This solo is six measures in length and is identical in chord structure to a single verse, although one distinctive difference in arrangement is that Ringo maintains his full rock beat as if the solo were just an extension of the chorus. After John repeats the guitar lick we heard in the introduction, Paul plays the ascending bass line one final time. John's lead guitar work follows closely to the vocal melody lines of the verses, right down to the triplet phrases of the third line (although the notes played are different).
This transcends immediately into an identical third appearance of the chorus, after which we change moods again for the final touch of the song. This conclusion, being of no determined length because of it fading out, consists of John continuously repeating the overdubbed guitar riff along with John and Paul harmonizing the title of the song in the gaps with a melody line not heard before. Ringo is reduced to just the bass drum again while Paul thumps out an overdubbed bass pattern to add a distinctive element. Possibly as a fortunate accident, John miss-hits the final note on the third repeat of the guitar riff. By the time the seventh measure of this conclusion is done, the song has successfully faded out, leaving us with a memorable closing gesture ringing in our ears.
Paul proves himself to be quite busy in this song, his bass work being intricate where necessary and high enough in the mix to be noticed. In fact, his periodic bass overdubs mark the first time we actually hear two bass parts played simultaneously in a Beatles song, which is something that becomes more common in later years. While his bass notes on the piano are hardly of the caliber of Liberace, they are just what are needed to create the desired effect. And, needless to say, his vocal work is spot on pitch.
John's role as lead guitarist, using his custom Rickenbacker 12-string for the only time on a Beatles song nonetheless, is a role he happily jumped into whenever he felt confident enough. While he displays his lead guitar chops better elsewhere (on "You Can't Do That" and "Long Tall Sally" for instance), he admirably does the job. His vocal work is to be commended also, especially his lower harmonies in the chorus.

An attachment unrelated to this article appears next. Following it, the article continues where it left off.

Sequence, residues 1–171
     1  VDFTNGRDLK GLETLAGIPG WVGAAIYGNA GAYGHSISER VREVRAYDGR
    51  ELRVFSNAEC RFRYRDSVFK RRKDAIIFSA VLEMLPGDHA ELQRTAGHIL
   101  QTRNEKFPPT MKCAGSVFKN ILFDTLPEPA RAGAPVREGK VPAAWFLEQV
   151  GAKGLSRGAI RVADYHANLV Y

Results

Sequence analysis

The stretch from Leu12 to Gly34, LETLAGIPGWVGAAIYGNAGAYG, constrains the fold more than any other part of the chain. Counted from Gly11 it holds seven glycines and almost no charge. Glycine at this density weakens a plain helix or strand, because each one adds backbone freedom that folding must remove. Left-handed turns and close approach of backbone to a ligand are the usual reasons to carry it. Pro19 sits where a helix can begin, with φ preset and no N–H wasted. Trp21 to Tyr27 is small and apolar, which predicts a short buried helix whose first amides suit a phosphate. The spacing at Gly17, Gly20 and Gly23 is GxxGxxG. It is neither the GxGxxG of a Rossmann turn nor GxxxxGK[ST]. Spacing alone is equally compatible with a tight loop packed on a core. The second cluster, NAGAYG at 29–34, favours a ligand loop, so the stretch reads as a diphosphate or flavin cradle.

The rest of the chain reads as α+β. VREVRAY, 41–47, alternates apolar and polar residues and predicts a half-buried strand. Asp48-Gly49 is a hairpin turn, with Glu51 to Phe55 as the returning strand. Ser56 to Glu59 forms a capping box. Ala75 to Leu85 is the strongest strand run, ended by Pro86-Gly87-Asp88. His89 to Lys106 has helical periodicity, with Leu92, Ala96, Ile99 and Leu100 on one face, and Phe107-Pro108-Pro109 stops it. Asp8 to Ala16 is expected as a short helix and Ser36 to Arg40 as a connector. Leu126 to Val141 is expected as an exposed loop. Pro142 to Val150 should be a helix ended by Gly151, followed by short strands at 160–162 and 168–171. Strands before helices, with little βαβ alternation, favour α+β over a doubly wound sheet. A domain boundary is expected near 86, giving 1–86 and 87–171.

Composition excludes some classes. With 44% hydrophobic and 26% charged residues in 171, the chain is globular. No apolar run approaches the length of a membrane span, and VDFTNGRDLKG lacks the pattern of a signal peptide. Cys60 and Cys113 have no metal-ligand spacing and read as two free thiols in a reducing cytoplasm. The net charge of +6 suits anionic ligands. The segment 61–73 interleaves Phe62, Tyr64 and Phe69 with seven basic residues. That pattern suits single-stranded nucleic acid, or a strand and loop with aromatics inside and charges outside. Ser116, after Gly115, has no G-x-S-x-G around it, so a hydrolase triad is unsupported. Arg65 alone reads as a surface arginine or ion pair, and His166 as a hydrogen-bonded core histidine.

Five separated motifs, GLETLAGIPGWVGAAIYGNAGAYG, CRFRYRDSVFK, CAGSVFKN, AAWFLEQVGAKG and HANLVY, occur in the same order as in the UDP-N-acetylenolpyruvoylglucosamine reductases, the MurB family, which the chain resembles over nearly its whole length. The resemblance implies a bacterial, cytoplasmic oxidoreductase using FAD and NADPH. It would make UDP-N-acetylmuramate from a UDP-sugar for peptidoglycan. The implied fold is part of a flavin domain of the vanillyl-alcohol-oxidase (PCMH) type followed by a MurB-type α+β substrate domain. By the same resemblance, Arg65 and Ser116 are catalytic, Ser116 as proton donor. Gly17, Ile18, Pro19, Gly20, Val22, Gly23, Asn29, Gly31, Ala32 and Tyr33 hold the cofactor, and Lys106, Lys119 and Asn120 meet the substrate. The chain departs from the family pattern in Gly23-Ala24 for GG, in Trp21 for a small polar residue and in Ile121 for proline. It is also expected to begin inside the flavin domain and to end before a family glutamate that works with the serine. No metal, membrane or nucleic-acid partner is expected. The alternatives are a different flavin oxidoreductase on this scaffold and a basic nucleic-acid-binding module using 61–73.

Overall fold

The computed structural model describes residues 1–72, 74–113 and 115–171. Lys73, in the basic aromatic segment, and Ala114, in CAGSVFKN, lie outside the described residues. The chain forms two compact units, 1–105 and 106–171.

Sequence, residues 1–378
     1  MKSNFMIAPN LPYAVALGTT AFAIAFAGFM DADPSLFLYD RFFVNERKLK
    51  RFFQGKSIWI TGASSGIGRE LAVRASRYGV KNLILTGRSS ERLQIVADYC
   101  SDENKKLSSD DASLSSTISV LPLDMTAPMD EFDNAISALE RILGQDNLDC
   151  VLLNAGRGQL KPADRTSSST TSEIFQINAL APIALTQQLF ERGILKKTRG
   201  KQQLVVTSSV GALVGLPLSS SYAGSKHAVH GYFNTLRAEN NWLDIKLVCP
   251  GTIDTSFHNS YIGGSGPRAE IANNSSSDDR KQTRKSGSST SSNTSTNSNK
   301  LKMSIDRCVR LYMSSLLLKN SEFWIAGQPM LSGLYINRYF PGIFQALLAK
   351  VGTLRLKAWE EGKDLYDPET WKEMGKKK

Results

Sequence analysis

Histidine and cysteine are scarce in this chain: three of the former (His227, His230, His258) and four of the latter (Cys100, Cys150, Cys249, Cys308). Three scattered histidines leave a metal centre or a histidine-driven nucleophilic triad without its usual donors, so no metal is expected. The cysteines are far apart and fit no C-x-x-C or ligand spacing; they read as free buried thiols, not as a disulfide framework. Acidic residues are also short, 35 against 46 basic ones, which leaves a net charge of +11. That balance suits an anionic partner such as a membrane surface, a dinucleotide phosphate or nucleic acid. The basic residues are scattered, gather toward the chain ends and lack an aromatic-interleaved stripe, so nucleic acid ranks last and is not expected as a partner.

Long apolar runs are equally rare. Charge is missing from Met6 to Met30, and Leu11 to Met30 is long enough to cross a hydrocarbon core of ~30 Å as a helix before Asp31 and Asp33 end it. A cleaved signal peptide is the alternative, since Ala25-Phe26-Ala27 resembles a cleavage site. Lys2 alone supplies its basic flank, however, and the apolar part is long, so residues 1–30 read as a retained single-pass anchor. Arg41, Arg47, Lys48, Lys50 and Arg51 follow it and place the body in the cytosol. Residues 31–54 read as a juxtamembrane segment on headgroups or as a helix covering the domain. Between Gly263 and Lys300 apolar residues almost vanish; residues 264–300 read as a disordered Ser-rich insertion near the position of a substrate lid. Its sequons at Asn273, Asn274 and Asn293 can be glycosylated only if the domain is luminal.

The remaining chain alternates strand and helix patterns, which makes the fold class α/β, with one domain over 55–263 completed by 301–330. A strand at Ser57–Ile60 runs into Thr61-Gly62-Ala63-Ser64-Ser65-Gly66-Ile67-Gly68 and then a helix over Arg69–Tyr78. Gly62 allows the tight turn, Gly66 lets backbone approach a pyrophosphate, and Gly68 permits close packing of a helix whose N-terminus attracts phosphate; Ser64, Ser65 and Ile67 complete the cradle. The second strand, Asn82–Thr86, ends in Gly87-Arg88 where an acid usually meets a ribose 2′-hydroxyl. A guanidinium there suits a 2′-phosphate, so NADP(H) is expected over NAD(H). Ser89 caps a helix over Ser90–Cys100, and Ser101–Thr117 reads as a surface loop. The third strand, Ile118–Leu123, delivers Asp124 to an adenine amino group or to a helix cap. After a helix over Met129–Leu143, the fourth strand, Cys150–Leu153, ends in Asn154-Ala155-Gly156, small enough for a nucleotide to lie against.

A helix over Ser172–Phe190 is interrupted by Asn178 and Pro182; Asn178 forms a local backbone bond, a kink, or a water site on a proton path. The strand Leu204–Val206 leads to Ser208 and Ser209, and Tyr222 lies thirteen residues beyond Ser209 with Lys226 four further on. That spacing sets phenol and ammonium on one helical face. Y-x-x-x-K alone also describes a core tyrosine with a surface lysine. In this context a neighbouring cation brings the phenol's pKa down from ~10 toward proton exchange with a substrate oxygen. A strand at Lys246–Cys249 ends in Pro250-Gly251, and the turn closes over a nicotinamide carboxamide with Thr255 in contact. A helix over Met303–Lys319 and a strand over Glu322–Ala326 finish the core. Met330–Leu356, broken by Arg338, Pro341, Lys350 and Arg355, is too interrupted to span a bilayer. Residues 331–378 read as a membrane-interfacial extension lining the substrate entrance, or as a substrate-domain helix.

George's acoustic rhythm guitar role was performed well, this element becoming the distinctive feature of the verses. Ringo, as usual, can always be counted on to comply with suggestions made to spice up the arrangement, as evidenced by his eliminating certain components of his drum kit during the verses and conclusion as well as pounding on a timpani when asked.
The lyrics to "Every Little Thing" can be described as 'politically incorrect' by some, evidenced by the thought that all of the woman's actions are meant to please the man with no mention of the man's intention of returning the favors. While this depiction is carried in the main phrase of the song, namely "every little thing she does, she does for me," the rest of the lyrics don't tread on that same ground. Instead, the lyrics as a whole mostly reveal the standard ingredients of a romantic pop song of the time. The singer is just a "lucky guy" to be "walking beside her." The lyrics may be somewhat pedestrian in comparison to recent Lennon/McCartney offerings, such as "I'm A Loser" and "Baby's In Black," but the emotional impact of the song come across as sincere.
The words do seem to wander a little, especially with the line the starts "I remember the first time..." You would assume the next phrase would continue the thought with "...we kissed" or "...we met." Instead McCartney goes in another direction with "...I was lonely without her." Then, instead of elaborating on this new thought, he regresses back to his previous one with the line "can't stop thinking about her now." While this is a curious diversion, I guess we have to chalk this up to being just a 'pop song' anyway.